Select Page

This article on a personal social media strategy was a lightbulb moment. It is accepted that social media plays an important role in personal brand building. Critical when you are building your own business or if you are likely to be in the job market.

An issue that has not come to view, particularly in the early and slightly behind the rest of the world stages of social media in South Africa, is the personal branding of high level business leaders.

At first the idea may seem a little absurd.  Running a national corporate surely requires no personal branding and someone who has reached this level must be branded well enough.  However, it begins to make a lot more sense when viewed from the perspective of the public domain being more and more transparent.

The greatest argument for businesses to have an active social presence is that conversations are taking place about their business whether or not the business is participating and a continued absence from the conversation is dangerous.  In this light the same can be said for business leaders, the C-Suite.  Today’s connected and savvy consumers are interested in the personality of  business and they recognise that personality reflects those in charge.

It follows then that conversation will begin to include those executives and indeed it already has.  The example given in the link at the beginning of this article highlights the point:  An executive might give a semi-private (or indeed private) briefing where his personal views are expressed, perhaps on controversial topics.  Those views can very quickly find their way into the public domain through tweets, facebook posts or blogs and from there to  mainstream media.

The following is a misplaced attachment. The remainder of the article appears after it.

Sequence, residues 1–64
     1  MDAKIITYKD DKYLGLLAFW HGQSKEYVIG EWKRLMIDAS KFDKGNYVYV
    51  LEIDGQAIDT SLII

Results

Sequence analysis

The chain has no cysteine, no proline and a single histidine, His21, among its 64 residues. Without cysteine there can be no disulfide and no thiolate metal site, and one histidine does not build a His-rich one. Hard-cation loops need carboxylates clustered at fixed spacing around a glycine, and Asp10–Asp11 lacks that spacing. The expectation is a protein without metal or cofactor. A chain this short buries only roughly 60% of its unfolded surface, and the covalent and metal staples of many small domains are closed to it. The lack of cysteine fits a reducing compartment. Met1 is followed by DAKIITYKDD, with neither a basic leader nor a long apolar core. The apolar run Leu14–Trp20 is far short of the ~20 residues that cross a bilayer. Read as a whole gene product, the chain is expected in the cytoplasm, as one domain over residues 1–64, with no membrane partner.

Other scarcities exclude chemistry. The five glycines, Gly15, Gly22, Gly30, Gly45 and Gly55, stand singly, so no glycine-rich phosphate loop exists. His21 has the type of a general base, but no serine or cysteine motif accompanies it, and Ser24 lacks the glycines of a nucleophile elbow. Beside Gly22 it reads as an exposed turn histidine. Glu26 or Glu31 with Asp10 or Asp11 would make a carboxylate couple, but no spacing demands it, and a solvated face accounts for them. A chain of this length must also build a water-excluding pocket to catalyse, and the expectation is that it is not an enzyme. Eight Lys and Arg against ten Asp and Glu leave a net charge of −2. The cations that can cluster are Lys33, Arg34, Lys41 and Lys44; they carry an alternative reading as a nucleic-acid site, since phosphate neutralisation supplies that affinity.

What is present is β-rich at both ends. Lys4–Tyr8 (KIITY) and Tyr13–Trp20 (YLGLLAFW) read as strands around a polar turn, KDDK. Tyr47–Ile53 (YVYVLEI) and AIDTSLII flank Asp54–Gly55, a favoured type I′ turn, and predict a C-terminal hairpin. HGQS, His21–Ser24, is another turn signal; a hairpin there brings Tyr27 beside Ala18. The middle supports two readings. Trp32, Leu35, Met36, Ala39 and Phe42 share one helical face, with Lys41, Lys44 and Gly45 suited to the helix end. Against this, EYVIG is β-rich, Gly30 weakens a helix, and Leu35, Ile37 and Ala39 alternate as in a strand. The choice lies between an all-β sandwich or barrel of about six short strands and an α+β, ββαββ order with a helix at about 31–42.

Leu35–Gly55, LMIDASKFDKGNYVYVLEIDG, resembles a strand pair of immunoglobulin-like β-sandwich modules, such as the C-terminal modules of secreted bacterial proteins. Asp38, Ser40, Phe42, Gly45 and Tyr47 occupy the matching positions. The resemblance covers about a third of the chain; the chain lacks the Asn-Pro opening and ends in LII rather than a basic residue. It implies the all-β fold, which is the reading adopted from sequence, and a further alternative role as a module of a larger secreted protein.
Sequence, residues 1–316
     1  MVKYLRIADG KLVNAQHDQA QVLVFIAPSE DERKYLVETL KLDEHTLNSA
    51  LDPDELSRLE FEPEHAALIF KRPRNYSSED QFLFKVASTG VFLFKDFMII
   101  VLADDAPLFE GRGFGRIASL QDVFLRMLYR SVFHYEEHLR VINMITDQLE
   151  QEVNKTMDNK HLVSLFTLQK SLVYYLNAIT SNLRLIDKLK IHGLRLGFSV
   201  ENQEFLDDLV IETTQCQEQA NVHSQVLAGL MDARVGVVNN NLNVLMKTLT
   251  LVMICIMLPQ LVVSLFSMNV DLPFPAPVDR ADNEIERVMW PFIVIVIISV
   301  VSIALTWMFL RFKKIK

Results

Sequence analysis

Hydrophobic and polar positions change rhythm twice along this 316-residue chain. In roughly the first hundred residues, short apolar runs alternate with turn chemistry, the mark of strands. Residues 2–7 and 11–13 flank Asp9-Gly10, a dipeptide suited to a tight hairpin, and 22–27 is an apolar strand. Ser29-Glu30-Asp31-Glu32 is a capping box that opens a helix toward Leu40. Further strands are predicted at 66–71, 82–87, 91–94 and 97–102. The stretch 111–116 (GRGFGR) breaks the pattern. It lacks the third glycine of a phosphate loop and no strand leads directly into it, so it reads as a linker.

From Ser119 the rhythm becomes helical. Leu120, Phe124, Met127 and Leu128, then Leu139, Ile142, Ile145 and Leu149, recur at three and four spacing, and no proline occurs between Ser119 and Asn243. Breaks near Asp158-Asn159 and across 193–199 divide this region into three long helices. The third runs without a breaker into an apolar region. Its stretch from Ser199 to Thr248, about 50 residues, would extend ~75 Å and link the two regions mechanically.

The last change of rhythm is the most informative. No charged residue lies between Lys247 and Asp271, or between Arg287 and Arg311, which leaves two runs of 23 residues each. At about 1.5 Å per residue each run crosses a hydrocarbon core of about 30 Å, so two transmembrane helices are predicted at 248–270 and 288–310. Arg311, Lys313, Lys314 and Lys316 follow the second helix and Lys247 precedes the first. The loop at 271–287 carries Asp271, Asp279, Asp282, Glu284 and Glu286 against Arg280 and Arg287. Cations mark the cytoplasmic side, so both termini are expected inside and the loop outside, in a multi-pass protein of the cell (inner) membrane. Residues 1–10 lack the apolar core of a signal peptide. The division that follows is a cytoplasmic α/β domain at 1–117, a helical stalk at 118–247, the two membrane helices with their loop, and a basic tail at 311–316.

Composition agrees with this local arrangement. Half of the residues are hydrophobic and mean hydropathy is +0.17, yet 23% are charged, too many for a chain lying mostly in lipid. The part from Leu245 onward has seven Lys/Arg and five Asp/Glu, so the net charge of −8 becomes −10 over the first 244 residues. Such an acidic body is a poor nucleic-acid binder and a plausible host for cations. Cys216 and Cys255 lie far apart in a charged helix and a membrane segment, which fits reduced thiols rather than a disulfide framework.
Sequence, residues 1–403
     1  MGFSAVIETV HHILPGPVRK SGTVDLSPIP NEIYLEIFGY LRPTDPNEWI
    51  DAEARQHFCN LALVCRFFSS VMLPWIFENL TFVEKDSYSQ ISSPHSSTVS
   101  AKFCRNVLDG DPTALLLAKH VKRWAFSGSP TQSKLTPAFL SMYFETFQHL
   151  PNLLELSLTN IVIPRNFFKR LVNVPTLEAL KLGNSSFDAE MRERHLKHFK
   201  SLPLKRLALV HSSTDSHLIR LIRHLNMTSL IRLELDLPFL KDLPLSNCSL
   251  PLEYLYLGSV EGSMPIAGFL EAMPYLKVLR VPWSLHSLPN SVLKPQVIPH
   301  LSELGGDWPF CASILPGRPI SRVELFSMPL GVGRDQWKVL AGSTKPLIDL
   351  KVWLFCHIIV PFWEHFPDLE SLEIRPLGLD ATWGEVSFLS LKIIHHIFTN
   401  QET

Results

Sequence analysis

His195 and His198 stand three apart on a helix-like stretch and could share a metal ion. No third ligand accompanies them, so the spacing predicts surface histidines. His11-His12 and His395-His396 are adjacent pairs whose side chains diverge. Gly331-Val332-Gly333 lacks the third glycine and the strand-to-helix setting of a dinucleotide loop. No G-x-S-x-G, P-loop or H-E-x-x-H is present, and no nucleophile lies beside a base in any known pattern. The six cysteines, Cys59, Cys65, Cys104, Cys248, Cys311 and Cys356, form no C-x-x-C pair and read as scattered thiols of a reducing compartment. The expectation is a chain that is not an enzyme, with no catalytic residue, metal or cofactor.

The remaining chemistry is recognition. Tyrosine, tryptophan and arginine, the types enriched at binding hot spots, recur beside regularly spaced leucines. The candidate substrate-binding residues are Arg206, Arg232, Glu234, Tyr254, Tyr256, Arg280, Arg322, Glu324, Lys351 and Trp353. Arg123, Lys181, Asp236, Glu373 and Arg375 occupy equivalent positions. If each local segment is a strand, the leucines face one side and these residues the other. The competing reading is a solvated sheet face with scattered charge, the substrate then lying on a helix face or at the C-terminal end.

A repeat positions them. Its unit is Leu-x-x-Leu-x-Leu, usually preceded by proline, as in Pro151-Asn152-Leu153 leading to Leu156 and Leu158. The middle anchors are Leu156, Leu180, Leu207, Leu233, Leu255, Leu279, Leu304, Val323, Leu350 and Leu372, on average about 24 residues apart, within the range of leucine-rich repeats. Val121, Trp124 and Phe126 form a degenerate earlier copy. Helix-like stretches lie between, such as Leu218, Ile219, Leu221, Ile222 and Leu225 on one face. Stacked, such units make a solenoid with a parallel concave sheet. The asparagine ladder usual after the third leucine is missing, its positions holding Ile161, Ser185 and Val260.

In the current set up, and admitedly I’m thinking more government departments here, what follows is a scramble of clarification and counter clarification from media officers and spokespersons which just serve to further confuse matters. The question arises, were comments in a personal capacity, or as the CEO of the business and who should respond? If this particular CEO has not cultivated a public profile he or she will naturally shy away from public discussion which exacerbates the problem even more.

Executives must have a personal digital strategy to tackle their social presence. A Twitter account and a Blog would seem the minimum. This provides a platform where issues can be clarified, where this is required, but more importantly to build the brand of an executive as someone with strong leadership and a willingness to engage.  These build confidence and trust.

How do our high profile business leaders stack up?  Clearly this is not something on their minds.  I’m sure this will change in time.  I slected 5 MDs or CEOs at random from Who’s Who South Africa and then had a look at their social profiles.  This is what I found:

Maria Ramos, Group Chief Executive for ABSA. No Twitter profile or blog and, quite surprisingly, no LinkedIn profile. On the plus side, as one of South Africa’s most influential woman the social conversation about her is very positive.

Stuart Aberdein, MD Digicore Holdings. Basic (personal) Facebook profile, no LinkedIn profile, no Twitter account and no blog.

Jabu Mabuza, CEO Goldreef Holdings Limited. No Facebook profile, no LinkedIn, no Twitter account and no blog.

Grant Pattison, CEO Massmart Holdings Limited.  Given the controversy surrounding Wallmart a social media strategy is important and it seems some thought has been given to it.  He has a restricted Twitter profile where followers need to be approved, private and work Facebook profiles but no blog.

The issue will become more pressing as more businesses go social.